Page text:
Ask the Expert: When will I be able to access the Age Pension?

Licensed financial adviser Craig Sankey answers your burning finance questions.

Licensed financial adviser Craig Sankey answers your burning finance questions. Photo: TND

Question 1: When will I reach the “Age Pension Age”? I was born in March 1958 (currently 63 years old). I ask this because I have heard varying ages. Does it vary depending on the year we are born? When they first extended the retirement age it only affected persons born from 1960 onwards, so I thought I was not affected.

The age pension age is gradually being moved from 65 to 67, and yes, it depends on when you were born, as per the following table:

As you were born in 1958, your age pension age is 67.

A few years ago, the government proposed to increase the age pension age to 70. However, this was unpopular and has since been abandoned.

You also referenced a ‘retirement age’.

In Australia, we don’t really have an official retirement age; rather, we have an age when you become eligible to receive the age pension, and a separate age when you can access your super.

As you referred to 1960 in your question, you may be alluding to rules governing superannuation access.

You can access super at the following ages:

  • At 65, even if you are still working
  • At 60, if you have terminated an employment contact, regardless of whether you intent to go back to work again
  • At your preservation age*, if you declare that you are permanently retired and do not intend to be gainfully employed again.

*The preservation age is moving to age 60 but for people born before June 30, 1964 it is lower than this, as shown in the table below:

As you were born prior to 1960, your preservation age is 55.

So, in summary, as you are 63, if you left your job, you could access your super now. But you would not be eligible for the age pension until you turned 67.

If you want to retire and are unsure if you can afford to do so, contact a registered financial adviser who can help you reach your retirement goals.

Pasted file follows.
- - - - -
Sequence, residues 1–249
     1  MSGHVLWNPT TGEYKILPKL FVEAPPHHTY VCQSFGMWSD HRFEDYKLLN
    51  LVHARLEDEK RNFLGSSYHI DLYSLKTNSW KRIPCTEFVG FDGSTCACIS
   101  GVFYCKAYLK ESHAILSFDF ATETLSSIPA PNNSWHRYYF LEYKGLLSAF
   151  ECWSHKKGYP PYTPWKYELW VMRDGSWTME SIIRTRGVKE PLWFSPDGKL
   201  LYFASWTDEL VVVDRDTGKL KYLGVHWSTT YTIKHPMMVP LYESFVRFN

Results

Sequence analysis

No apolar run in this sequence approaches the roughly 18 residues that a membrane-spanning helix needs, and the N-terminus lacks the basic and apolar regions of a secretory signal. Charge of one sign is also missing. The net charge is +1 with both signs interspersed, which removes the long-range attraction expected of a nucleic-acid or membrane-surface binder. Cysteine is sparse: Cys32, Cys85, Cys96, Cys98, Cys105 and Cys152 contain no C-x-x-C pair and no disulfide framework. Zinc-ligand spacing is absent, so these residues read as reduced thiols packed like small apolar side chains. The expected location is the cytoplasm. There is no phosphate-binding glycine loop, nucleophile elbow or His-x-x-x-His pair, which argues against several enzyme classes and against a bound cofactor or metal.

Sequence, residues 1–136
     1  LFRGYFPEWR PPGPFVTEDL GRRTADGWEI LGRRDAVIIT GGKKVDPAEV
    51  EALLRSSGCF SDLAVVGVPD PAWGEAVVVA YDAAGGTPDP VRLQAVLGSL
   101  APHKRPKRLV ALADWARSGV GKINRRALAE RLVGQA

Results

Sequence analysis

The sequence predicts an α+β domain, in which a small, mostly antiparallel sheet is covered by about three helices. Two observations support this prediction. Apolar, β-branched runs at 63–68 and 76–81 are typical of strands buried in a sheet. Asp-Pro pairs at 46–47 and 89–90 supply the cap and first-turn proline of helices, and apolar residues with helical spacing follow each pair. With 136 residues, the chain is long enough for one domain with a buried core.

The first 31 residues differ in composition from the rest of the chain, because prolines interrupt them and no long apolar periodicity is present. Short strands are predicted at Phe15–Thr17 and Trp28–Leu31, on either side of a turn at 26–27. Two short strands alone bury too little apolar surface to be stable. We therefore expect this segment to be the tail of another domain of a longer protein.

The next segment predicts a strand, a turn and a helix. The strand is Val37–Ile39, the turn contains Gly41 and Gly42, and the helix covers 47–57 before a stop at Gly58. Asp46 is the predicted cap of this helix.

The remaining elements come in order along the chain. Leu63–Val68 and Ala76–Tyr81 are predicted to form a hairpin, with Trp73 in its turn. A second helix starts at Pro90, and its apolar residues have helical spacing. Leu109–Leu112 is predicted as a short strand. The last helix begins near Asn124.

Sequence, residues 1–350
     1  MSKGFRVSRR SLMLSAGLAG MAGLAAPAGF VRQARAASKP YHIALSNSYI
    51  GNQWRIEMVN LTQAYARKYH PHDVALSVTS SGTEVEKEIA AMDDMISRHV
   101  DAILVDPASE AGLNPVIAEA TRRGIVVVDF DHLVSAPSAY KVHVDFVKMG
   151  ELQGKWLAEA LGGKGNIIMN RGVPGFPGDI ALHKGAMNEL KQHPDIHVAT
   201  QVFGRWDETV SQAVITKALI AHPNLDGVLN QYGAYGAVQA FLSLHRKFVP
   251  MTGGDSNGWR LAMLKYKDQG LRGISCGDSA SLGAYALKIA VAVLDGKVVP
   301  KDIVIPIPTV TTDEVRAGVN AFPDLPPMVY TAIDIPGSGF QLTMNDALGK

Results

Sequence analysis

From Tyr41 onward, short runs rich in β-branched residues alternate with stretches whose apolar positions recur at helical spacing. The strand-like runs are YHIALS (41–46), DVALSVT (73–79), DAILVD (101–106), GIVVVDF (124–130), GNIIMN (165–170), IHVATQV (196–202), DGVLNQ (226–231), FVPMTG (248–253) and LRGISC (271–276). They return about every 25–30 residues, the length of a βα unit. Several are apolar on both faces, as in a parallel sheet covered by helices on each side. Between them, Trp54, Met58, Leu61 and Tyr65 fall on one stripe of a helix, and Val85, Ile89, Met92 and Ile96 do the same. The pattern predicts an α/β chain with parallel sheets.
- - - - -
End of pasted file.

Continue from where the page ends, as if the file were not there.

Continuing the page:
Question 2: Hi. Is it possible to “turn off” (“commute”) a self-funded superannuation pension income. i.e. go from Pension Phase back into Accumulation Phase? Thereby having “no” income in retirement.

I have heard if this is done, one can still have $200,000 in the bank, and use this to supplement the government pension.

The overall idea is to make the super balance last longer by living off the government pension, and just topping up the $200,000 in the bank with lump-sum super withdrawals as required, as it is slowly reduced by week-to-week withdrawals for living expenses.   

I have been living on self-funded income from a super pension for several years, am 63 years old, and don’t work. Hope that all makes sense. Thanks, I enjoy your column.

I’m glad to hear you enjoy the column.

You can certainly “turn off” your superannuation pension income stream by commuting (rolling it back) to the accumulation stage. This can be done at any time and at any age. When you want to re-commence a pension, this again can be done at any time.

In terms of supplementing the government pension, it is important to note that when funds are in the accumulation stage, they are not included in Centrelink’s income or asset tests until you attain age pension age.

And so the money held in your super fund would avoid these tests if you moved back to the accumulation stage.

This would be an advantage if you are on another government benefit, such as JobSeeker or the Disability Support Pension (or if you had an older spouse who is receiving the age pension).

But there are a few issues you do need to be aware of:

  • You have correctly stated that you can make ad-hoc withdrawals from super at any time, but many people find having regular payments easier to manage. The payments could be set up on a monthly, quarterly, or annual basis
  • Once you are age pension age, it makes no difference for Centrelink purposes whether funds are in accumulation or pension phase; the balance will be asset tested and ‘deemed’ for income-testing purposes
  • There are tax advantages to holding the money in pension phase rather than accumulation phase. Although all income payments and ad-hoc withdrawals are tax free as you are over 60, investment earnings within the fund may be taxed. In pension phase, all earnings are tax free. But within the accumulation phase, earnings are taxed at up to 15 per cent.

I would suggest contacting a licensed financial adviser, who will be able to assist in determining a sustainable income throughout retirement as well as the best structure to maximise any Centrelink benefits for which you may be eligible.

Craig Sankey is a licensed financial adviser and head of Technical Services & Advice Enablement at Industry Fund Services

Disclaimer: The responses provided are general in nature, and while they are prompted by the questions asked, they have been prepared without taking into consideration all your objectives, financial situation or needs.

Before relying on any of the information, please ensure that you consider the appropriateness of the information for your objectives, financial situation or needs. To the extent that it is permitted by law, no responsibility for errors or omissions is accepted by IFS and its representatives. 

The New Daily is owned by Industry Super Holdings

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